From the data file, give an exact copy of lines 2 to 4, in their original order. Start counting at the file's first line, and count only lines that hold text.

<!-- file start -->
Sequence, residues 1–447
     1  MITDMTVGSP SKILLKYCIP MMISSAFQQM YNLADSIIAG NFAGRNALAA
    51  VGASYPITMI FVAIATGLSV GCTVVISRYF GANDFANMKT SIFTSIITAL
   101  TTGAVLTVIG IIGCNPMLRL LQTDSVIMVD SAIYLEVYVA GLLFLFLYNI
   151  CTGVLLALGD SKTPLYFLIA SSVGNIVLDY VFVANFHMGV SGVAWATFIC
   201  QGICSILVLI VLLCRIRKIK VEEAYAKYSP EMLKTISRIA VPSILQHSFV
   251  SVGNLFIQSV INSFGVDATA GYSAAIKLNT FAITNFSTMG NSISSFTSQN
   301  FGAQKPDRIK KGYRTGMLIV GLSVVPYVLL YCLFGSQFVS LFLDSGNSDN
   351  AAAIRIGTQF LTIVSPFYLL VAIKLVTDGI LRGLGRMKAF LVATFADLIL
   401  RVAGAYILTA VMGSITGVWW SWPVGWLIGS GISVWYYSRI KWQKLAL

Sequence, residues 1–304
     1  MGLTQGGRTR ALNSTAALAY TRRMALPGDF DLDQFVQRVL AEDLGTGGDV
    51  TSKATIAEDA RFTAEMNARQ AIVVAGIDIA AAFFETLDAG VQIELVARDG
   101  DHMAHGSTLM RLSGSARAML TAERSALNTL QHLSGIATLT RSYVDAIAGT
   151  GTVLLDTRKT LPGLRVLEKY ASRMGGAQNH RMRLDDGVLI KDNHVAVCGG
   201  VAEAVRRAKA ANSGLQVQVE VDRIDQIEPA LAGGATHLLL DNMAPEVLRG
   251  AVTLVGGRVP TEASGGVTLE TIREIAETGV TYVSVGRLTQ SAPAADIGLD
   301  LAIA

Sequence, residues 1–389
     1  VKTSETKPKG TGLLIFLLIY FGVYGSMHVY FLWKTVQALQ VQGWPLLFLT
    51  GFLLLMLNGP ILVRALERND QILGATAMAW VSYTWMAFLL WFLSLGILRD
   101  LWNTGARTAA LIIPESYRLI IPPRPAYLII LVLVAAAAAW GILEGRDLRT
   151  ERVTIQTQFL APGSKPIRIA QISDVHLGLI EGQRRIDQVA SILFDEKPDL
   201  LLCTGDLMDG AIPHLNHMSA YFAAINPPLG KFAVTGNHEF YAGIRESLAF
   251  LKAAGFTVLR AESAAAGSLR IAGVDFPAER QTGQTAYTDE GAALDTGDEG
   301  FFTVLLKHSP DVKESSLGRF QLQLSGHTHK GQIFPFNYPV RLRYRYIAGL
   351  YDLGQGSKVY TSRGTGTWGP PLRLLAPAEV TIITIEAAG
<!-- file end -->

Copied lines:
     1  MITDMTVGSP SKILLKYCIP MMISSAFQQM YNLADSIIAG NFAGRNALAA
    51  VGASYPITMI FVAIATGLSV GCTVVISRYF GANDFANMKT SIFTSIITAL
   101  TTGAVLTVIG IIGCNPMLRL LQTDSVIMVD SAIYLEVYVA GLLFLFLYNI